On Monday, 11 November 2013, I made my half yearly appointment to see my GP for prescription renewals and a general checkup. Normally in November I fast before the visit to have blood taken for general testing. But this year I didn’t fast because I felt little bit concerned about more specific health matters. On Monday I made note of the time of my appointment on Tuesday and things I wanted to see the GP about. Four weeks later I found this note in my jacket pocket. I had written:
3.00pm2.40pm – leave at.1.45 by car or 2.00 by taxi
– chest check
– X-ray referral
– anxiety relief / or congestion relief
I had been concerned by shortness of breath at times, and was not sure whether I had suffered another pneumothorax (which I had in April) or if I was suffering anxiety.
On Tuesday I decided to drive to see my GP and parked my car at the Arts Centre Carpark. I happened to see the car park manager so I got his business card and told him he might get a call from my doctor at Southgate. And so it all happened. My GP checked me and called an ambulance which took me to the Emergency Department at Epworth Hospital in Richmond and I’ve been in the hospital since – fortunately I was transferred to the Cardiac Ward after I was well enough to leave the Intensive Care Unit after a couple of weeks in the ICU.
The flowers in the Featured Image were from Peter and Liz Turner.
Update 25 December 2013
After six weeks in hospital, I was finally discharged on Monday morning, and f got home about 2.00pm. It’s not all over of course. Each day I have to take 21 different prescription medications at different times of the day based on breakfast, dinner and bedtime. Fortunately I get some freedom from the regimen at lunchtime. Dosages vary from one tablet or capsule taken once a day, up to two tablets twice a day. The tricky tablet is Warfarin. It comes in three dosages and colours, and is taken at night. The dosage to be taken varies according to the results of blood tests taken during the day. The frequency of the blood tests depends on whether the blood test results showing one’s INR are stable, which in turn depends on the food one eats and whether it affects the INR reading. So no indulging in champagne and wine for me on Christmas Day or New Year. Only one or two standard drinks per day, with two days a week without any alcohol, is recommended. Warfarin is a blood thinner, so one has to be careful of cuts and knocks (which easily cause bruises).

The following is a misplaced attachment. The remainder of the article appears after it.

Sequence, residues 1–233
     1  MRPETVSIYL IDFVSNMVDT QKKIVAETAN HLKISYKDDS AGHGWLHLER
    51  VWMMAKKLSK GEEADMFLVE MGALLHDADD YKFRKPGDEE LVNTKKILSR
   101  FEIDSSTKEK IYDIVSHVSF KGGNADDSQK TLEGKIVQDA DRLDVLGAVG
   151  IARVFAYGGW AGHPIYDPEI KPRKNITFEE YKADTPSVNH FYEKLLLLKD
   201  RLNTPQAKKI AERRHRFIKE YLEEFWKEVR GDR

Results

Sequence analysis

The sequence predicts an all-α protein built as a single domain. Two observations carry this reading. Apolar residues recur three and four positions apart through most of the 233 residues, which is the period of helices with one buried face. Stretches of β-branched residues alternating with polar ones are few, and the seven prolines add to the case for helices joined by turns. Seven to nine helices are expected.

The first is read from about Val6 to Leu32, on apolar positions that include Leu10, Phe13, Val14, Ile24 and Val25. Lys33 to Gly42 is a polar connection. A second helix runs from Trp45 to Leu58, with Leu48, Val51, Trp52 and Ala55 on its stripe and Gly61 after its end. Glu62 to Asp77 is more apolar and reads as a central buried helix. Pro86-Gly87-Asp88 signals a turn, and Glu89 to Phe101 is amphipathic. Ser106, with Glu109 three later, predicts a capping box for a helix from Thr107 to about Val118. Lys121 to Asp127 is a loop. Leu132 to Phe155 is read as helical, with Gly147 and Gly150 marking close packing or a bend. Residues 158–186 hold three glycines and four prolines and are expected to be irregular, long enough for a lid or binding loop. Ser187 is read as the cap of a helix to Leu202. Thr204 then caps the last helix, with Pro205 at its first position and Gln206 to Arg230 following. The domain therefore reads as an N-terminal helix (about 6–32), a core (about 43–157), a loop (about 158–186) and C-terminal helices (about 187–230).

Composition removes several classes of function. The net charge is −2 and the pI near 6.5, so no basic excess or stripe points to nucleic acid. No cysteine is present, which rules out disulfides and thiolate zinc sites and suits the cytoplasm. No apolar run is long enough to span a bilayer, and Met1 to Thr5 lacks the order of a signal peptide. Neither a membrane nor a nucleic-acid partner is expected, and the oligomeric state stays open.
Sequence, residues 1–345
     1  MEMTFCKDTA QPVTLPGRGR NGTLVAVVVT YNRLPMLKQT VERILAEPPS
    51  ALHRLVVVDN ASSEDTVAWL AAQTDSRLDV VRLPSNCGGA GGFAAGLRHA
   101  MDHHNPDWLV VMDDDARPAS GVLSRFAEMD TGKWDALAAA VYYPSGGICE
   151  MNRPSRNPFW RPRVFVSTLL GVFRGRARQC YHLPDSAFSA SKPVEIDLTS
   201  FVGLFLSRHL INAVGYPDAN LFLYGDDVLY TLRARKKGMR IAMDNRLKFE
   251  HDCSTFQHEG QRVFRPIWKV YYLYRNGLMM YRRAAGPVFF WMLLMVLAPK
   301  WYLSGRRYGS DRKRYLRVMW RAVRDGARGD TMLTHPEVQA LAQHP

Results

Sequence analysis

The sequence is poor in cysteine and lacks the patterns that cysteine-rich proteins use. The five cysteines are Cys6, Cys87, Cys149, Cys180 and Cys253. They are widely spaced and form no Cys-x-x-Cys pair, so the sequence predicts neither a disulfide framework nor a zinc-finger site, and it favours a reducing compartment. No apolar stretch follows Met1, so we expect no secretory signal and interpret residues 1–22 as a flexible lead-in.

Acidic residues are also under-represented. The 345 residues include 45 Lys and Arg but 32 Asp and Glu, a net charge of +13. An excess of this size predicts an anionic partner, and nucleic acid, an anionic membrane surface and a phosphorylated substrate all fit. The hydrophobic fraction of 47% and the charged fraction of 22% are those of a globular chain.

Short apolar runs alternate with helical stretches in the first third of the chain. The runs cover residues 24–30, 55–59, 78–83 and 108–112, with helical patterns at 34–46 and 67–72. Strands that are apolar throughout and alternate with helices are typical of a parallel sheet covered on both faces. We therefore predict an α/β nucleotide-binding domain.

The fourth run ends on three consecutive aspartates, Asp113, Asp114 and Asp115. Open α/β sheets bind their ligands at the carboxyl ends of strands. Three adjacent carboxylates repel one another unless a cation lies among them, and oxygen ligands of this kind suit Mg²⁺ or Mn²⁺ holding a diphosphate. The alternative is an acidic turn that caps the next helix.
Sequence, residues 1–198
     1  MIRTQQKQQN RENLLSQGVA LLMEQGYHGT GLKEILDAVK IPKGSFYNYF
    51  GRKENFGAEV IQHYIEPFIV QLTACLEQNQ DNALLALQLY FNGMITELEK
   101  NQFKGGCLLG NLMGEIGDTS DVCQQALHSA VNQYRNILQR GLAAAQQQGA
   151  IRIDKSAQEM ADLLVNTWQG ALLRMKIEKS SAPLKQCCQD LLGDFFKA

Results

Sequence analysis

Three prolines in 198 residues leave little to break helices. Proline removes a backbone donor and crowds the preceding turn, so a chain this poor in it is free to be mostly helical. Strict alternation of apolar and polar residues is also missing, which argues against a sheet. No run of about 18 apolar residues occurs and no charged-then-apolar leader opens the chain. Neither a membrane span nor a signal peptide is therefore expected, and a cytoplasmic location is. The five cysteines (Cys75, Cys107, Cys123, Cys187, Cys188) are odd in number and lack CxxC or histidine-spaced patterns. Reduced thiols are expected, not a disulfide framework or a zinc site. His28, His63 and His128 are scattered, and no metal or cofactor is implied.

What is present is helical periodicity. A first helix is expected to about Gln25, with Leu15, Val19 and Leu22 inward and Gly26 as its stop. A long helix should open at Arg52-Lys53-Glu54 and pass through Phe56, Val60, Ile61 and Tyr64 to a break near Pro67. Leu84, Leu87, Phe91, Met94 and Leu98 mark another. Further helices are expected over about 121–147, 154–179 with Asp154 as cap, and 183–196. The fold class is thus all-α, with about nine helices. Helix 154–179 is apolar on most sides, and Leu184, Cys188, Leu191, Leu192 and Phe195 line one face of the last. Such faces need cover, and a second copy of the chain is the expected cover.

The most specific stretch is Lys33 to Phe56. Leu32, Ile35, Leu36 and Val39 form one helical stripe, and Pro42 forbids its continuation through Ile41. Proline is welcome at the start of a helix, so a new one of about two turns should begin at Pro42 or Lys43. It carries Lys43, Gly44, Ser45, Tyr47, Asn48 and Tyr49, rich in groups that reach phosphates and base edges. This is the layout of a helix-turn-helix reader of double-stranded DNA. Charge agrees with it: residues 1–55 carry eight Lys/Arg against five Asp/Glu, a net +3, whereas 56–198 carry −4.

I returned to the hospital on Tuesday (Christmas Eve) for a blood test, and have another on Friday morning, then await to hear from my main hospital doctor (by now a friend) as to when I have the next test. In the new year I have therapy sessions, and weekly heart care sessions, and return visits to specialists as well as my own GP. Some visits are in January and some as far away as five months (six months from the heart pacemaker being fitted).
It’s a new life ahead of me, including earlier rises in the morning and bedtimes around 10.30pm or earlier.